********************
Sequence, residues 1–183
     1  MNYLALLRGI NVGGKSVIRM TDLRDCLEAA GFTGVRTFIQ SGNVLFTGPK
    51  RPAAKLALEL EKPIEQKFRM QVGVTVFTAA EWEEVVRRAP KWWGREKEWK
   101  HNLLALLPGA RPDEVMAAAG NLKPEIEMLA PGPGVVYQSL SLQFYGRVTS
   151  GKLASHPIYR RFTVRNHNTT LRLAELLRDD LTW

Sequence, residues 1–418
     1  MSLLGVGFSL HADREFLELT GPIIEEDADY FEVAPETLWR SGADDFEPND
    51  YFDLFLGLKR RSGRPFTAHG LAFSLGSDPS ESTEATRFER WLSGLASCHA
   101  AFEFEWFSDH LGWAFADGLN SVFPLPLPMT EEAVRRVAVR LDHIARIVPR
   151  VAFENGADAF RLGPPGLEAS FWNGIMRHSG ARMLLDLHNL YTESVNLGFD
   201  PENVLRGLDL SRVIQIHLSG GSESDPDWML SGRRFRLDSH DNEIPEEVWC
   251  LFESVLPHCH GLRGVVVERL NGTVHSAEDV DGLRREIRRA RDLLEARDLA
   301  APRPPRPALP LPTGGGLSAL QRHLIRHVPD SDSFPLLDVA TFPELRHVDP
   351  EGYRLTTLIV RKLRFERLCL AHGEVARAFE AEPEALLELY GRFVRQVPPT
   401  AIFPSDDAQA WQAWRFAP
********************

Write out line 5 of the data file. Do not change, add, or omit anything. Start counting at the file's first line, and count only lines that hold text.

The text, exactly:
   151  GKLASHPIYR RFTVRNHNTT LRLAELLRDD LTW